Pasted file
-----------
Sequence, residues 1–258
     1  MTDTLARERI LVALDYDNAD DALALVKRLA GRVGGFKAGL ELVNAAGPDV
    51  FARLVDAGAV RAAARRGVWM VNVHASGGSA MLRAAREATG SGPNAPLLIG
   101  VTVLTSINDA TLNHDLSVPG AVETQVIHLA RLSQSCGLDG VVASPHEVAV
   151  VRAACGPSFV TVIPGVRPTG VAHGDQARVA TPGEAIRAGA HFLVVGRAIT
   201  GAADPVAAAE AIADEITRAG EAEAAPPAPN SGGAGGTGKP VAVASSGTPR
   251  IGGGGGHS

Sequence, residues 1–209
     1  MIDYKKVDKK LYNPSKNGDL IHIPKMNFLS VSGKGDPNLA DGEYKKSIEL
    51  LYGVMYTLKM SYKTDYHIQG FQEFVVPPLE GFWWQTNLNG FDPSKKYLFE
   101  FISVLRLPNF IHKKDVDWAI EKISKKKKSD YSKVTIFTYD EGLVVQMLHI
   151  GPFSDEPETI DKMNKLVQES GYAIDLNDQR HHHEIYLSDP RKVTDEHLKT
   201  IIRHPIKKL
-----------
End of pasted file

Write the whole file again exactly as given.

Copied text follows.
Sequence, residues 1–258
     1  MTDTLARERI LVALDYDNAD DALALVKRLA GRVGGFKAGL ELVNAAGPDV
    51  FARLVDAGAV RAAARRGVWM VNVHASGGSA MLRAAREATG SGPNAPLLIG
   101  VTVLTSINDA TLNHDLSVPG AVETQVIHLA RLSQSCGLDG VVASPHEVAV
   151  VRAACGPSFV TVIPGVRPTG VAHGDQARVA TPGEAIRAGA HFLVVGRAIT
   201  GAADPVAAAE AIADEITRAG EAEAAPPAPN SGGAGGTGKP VAVASSGTPR
   251  IGGGGGHS

Sequence, residues 1–209
     1  MIDYKKVDKK LYNPSKNGDL IHIPKMNFLS VSGKGDPNLA DGEYKKSIEL
    51  LYGVMYTLKM SYKTDYHIQG FQEFVVPPLE GFWWQTNLNG FDPSKKYLFE
   101  FISVLRLPNF IHKKDVDWAI EKISKKKKSD YSKVTIFTYD EGLVVQMLHI
   151  GPFSDEPETI DKMNKLVQES GYAIDLNDQR HHHEIYLSDP RKVTDEHLKT
   201  IIRHPIKKL